Adding grapefruit to your diet may lower your risk of insulin resistance, a precursor to type 2 diabetes, according to past research. When overweight adults ate one half-grapefruit, drank grapefruit juice, took a grapefruit pill, or took a placebo, once a day before a meal for 12 weeks, those who consumed grapefruit in any form had lower insulin levels (higher levels are a sign of type 2 diabetes). What's more, the fresh grapefruit eaters lost an average of 3.5 pounds more throughout the study than the placebo group. (But in case you take any medications, communicate with your doctor first, as grapefruit can interact with many different drugs, according to the FDA.) Buy our best seller here.
One reason for grapefruit’s potential health perks? It contains a compound called naringenin that’s also found in other citrus fruits, and in keeping with an evaluation posted in March 2019 withinside the magazine Pharmaceuticals, it could offer anti-inflammatory benefits, and assist defend against growing cardiovascular disease. This compound may also help prevent kidney cysts, according to preliminary past in vitro and animal research.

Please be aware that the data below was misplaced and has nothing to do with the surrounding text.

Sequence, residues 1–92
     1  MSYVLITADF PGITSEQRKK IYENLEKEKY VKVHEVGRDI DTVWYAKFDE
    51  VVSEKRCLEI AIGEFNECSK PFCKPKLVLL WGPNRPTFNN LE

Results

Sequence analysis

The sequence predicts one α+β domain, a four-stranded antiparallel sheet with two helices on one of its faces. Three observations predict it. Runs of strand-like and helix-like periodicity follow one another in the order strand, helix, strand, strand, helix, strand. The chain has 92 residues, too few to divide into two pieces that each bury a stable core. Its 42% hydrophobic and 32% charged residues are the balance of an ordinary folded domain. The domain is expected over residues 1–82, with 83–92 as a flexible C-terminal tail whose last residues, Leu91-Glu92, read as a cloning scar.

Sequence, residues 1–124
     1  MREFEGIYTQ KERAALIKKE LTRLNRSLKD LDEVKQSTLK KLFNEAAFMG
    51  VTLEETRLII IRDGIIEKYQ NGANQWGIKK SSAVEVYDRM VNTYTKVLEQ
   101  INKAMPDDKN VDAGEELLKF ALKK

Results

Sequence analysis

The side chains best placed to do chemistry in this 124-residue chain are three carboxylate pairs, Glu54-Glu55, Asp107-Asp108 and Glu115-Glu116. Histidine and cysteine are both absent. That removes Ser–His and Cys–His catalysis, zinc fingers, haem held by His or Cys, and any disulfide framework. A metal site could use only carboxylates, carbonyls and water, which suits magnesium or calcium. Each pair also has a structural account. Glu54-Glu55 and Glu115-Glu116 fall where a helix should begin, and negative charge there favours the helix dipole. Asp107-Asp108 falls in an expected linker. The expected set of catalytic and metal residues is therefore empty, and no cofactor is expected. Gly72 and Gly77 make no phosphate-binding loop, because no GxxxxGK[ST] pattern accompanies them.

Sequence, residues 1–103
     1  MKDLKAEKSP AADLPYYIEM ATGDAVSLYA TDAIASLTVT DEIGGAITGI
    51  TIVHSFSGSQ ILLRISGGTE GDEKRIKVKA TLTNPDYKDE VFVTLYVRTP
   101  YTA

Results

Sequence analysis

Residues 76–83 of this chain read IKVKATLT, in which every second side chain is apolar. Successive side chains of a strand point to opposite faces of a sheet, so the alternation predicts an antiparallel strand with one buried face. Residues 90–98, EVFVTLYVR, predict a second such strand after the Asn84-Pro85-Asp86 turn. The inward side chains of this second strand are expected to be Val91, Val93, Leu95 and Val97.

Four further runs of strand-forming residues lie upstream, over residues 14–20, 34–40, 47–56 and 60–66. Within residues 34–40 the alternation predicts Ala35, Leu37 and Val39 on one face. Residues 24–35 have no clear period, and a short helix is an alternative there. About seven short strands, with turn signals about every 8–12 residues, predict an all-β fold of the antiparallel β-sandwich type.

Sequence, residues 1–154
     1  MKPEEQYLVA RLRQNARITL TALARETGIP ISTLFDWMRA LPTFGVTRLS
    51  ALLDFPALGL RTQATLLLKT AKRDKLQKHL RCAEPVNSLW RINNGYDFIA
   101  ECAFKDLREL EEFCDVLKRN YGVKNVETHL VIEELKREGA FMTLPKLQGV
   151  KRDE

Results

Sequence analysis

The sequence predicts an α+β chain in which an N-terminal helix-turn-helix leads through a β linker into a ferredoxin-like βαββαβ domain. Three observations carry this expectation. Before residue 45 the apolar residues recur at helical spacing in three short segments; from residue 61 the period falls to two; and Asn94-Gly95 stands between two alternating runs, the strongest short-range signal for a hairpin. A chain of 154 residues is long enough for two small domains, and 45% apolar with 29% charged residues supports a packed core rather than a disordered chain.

Another plus: A prior study in the journal Stroke found that eating citrus foods like grapefruit may lower a person’s risk for having an ischemic stroke, which happens when a vessel supplying blood to the brain gets a blockage, according to the American Stroke Association.
To put your grapefruit to use, you can have one as your a.m. meal, but also consider using grapefruit as a compliment to a seafood dish, or even add some wedges to your morning smoothie. One small grapefruit contains over 2 grams (g) of fiber, according to the U.S. Department of Agriculture (USDA), which is just over 7 percent of your daily value (DV). And of the route, grapefruit shines when it comes to its vitamin C content — one small grapefruit has about 69 milligrams (mg) of vitamin C, according to the USDA, which is around 77 percent of your DV, making it an excellent source.